This is a guest post by Bryan Conard
My name is Bryan Conard. My wife Martha and I presently live in Senegal, West Africa, with our three children where we serve as missionaries with Ethnos360.” My life today is incomparably different than I ever imagined it would be growing up in the ghettos of South Carolina. My parents were not believers, and my home was not a place where God’s Word was taught or valued. It wasn’t until I was 19 years of age, incarcerated for my 5th time, that God, His Word and work on the Cross became significant to me. In jail, at the age of 19, I finally became a Christian.
After literally escaping a long prison sentence, I was released from jail and sentenced to a Christian Discipleship Program called the Haven of Rest. It was in this program that I became acutely aware of how particularly important it is to understand God’s Word! It was in the Haven of Rest – where my life was still raw with limited understanding of truth and a worldview still heavily shaped by my previous life’s way of thinking – that God was convincing me that I needed a deeper understanding of the Word. It was here also that I first heard from a missionary with Ethnos360 that around this staggeringly large globe there were, and are, still millions of people without access to the gospel!
Given my limited understanding of the Word, my desire to understand more and my newly founded interest in being a part in seeing those without the gospel reached, I enrolled at Ethnos360 Bible Institute (EBI) where I embarked on an incredible journey in God’s Word and in another very new community. Now, it’s important to mention here that before moving to Michigan as a student at EBI, I had never traveled outside of my little,troubled community in South Carolina. Moving to Michigan was an incredibly exciting and intimidating leap of faith.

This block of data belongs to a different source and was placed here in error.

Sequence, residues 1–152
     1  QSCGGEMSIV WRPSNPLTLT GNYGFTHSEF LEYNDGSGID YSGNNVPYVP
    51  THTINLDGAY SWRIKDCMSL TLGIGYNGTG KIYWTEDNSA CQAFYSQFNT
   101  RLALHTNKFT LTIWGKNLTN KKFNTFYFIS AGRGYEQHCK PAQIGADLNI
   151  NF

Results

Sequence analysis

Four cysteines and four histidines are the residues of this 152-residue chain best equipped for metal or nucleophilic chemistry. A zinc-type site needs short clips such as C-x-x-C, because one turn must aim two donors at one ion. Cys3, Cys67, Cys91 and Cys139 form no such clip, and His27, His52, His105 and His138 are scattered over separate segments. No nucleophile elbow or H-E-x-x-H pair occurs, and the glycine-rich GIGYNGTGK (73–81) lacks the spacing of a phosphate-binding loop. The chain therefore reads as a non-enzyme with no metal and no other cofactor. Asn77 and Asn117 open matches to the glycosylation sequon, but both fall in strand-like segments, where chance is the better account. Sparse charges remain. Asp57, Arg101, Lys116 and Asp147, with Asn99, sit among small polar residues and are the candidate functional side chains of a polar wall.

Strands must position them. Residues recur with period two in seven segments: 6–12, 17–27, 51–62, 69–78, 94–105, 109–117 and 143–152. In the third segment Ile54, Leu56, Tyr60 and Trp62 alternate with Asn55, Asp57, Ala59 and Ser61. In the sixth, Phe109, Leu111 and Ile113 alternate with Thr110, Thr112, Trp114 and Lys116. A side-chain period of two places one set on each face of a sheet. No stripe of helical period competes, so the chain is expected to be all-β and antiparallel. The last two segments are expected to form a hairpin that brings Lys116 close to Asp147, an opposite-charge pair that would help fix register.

However, I was – and still am – convinced of two key realities: I deeply and desperately need to know God more and, as His ambassador, it is indeed my responsibility (along with all of His Church) to take the Good News of Jesus to those [who have] yet to hear. Even with this conviction, I still had no idea how to accomplish this seemingly insurmountable task. There also were still massive misconceptions of the Scriptures and immaturities that needed to be shaped and cemented in truth; and just as important, I still had almost no understanding of the nuts and bolts of seeing the task [completed] of reaching the unreached!
In conclusion, while at the EBI monumental shifts happened in my thinking. There were things I thought I was convinced of from the Word that, after receiving some basic tools of hermeneutics, I realized weren’t just underdeveloped; they were entirely wrong and needed reshaped. But after two years at EBI and continued education at Grace School of Theology, I still had essential missing links – I still needed the “nuts and bolts” of day-to-day living in a cross-cultural setting! It was at the Missionary Training Center in Missouri that God met this need as well. All this to say, I can’t imagine living where I am today in Senegal, West Africa, learning French and living in a totally different world, without a solid foundation in God’s Word and some simple tools for learning language and doing ministry. The training was necessary for the ultimate goal of one day seeing a maturing Church among those still yet to hear the simple, life–changing message of the Cross that I once heard in a little jail cell many years ago.
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